Terry Fox Run
The annual Ashcroft Terry Fox Run takes place on Sunday, Sept. 15, with the run beginning and ending at the gazebo at the Heritage Park on Railway Avenue.
Participants can run, walk, blade, or bike a 5k or 10km route at their own pace in a non-competitive event that raises funds for the Terry Fox Foundation. People of all ages are welcome, and dogs on leashes can accompany participants.
Registration starts at the gazebo at 8 a.m. on Sunday morning, and the run starts at 9 a.m. Donations can also be made on the day.
Art classes for kids
Artist Jo Petty will be holding art classes for home-schooled students every Tuesday from 10 a.m. to noon, starting on Sept. 17 and ending on Nov. 19.
The classes will be at the Ashcroft HUB, and the cost is $150 per student, with all materials supplied. For more information, or to sign up, email email@example.com.
Gaming grant workshop
The Ashcroft HUB is hosting a BC Community Gaming Grant workshop event on Friday, Sept. 20. Do you belong to a non-profit group that would like to apply for gaming grant funds? Register for this free workshop, where you can discuss your needs and learn about how to apply.
The workshop runs from 10 a.m. to 2:30 p.m. at the HUB (bring your own lunch). To register, drop by the HUB office, call (250) 453-9177, or email firstname.lastname@example.org.
Video and podcasting creation workshop
Anyone interested in creating a podcast or YouTube series, learning more about videography, or improving their on-camera presence is invited to attend the Video and Podcasting Creation Workshop on Sept. 21 from 9 a.m. to 1 p.m. at the Ashcroft HUB.
The workshop will give participants the ability to develop video marketing for their passion, hobby, or business, and also provide an understanding of video marketing techniques, on-camera presentation, and online media practices.
The cost of the workshop is $40 per person. For more information, or to register, email email@example.com.
Home Alone course
The Ashcroft HUB is offering a “Home Alone” course from 10 a.m. to noon on Tuesday, Sept. 24 for anyone aged 10+. The course provides necessary skills and information for children and youth so that they can be safe and responsible at home.
The cost is $10 per person. You can register at the HUB office, by phone, or by email.
Sea Cadets looking for members
Another great year is starting up for 347 Royal Canadian Sea Cadet Corps Avenger, which parades every Thursday at Desert Sands Community School in Ashcroft from 6 to 8:30 p.m.
The Sea Cadet program is free for youth aged 12 to 18. Cadets get to experience sailing, leadership weekends, and physical fitness, and develop from the youth of today into the adults of tomorrow.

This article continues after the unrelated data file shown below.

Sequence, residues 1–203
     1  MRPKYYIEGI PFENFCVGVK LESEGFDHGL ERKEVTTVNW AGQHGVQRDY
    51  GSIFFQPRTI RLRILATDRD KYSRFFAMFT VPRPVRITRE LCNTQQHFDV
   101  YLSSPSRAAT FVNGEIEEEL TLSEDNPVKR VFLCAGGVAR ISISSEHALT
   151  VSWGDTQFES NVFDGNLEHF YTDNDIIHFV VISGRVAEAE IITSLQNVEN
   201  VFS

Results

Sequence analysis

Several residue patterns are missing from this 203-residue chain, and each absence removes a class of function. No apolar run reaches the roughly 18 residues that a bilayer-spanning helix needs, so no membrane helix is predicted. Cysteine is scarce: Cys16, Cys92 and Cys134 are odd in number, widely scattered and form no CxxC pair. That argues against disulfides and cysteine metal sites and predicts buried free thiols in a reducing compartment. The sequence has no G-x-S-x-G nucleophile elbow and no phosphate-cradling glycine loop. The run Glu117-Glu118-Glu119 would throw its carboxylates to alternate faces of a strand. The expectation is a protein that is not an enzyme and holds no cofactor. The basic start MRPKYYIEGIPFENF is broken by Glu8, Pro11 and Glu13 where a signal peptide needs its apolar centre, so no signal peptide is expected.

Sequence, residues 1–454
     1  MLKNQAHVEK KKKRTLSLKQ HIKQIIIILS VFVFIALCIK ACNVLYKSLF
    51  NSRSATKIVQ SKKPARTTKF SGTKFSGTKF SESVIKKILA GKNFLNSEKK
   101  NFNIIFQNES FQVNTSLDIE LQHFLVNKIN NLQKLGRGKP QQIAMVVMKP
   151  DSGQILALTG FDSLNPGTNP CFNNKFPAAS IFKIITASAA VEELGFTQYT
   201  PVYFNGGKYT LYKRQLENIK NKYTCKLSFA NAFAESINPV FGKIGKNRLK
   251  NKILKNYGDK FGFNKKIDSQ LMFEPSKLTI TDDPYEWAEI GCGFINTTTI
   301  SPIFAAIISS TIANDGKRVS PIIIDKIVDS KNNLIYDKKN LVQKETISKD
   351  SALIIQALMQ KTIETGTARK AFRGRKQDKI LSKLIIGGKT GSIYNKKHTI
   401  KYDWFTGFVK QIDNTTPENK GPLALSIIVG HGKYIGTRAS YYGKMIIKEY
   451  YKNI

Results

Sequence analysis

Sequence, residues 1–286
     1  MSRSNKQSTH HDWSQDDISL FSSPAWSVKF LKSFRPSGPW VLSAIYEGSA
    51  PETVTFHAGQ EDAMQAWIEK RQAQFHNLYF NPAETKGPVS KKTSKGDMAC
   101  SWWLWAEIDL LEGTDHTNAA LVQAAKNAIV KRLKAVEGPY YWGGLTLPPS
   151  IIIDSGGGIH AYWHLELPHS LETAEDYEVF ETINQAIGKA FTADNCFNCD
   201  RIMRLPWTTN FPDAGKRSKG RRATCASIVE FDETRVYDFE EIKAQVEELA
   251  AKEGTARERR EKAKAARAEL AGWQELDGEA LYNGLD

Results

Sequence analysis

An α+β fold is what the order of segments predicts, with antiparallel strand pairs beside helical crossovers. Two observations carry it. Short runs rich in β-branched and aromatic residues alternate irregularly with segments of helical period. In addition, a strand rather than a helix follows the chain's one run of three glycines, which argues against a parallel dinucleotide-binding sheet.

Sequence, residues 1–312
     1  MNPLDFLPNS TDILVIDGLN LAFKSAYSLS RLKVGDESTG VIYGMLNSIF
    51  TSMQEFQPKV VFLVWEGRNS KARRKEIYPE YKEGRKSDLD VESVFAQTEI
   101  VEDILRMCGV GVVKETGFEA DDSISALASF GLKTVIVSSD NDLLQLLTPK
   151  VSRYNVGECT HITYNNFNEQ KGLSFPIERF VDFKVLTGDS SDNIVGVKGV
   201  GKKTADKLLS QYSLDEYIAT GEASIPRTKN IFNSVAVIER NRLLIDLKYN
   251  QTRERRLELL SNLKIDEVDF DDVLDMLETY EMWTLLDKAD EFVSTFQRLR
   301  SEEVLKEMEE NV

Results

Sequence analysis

For more information, call or text 347 RCSCC Avenger commanding officer Darrin Curran at (250) 319-3461.
Jamming at The Equality Project
Do you play a musical instrument? The Equality Project invites musicians to drop by for jam sessions at their clubhouse on Stage Road in Cache Creek on Wednesdays from 11 a.m. to 12:30 p.m.
Importance of immunization
With the start of a new school year, parents and guardians are reminded of the importance of immunization for their children. Beginning in fall 2019, all public, independent, and home-schooled students from kindergarten to Grade 12 who are enrolled in B.C. schools in 2019-20 will be expected to have their current immunization status recorded in B.C.’s provincial immunization registry.
The new mandatory immunization reporting requirement increases the ability of public health to respond during an outbreak by quickly identifying those who are under- and unimmunized. It also encourages parents to ensure their child’s immunizations are up to date.
Most parents are already in compliance with the new provincial requirement to report the immunization status of any school-aged children. By the end of September, parents will be able to check whether their child’s record—available in the provincial immunization registry—is complete by going to https://immunizebc.ca/.
Parents can also be proactive and contact their child’s immunization service provider. In addition to public health and school clinics, parents can get their children immunized through their primary care providers or community pharmacists.
BC Parks implementing electric bike policy
In response to the growing popularity of electric bikes, BC Parks is implementing an e-bike policy to help protect sensitive wildlife, ecosystems, and cultural values.
Following the e-bikes classification system already being used by industry and other government bodies, the new policy allows e-bikes in certain areas, depending on the classification.
People with Class 1 e-bikes can ride on any BC Parks trail where mountain bikes or other cycling is already allowed. People with Class 2 and 3 e-bikes can only ride on trails and/or roads designated for motorized vehicles, depending on the park. People using adaptive mountain bikes are allowed in areas designated for Class 1 e-bike use.
Cycling in parks can have an impact on trails and wildlife. Electric bikes allow more riders to use trails and reach areas that were previously limited to a few visitors, leading to increased pressure on sensitive wildlife and ecosystems.
The new e-bikes policy is now in effect. Anyone with an e-bike is encouraged to visit the BC Parks website (http://www.env.gov.bc.ca/bcparks/) for specific information on where they can ride. Classifications for e-bikes can be viewed at http://bit.ly/2zsJbWH.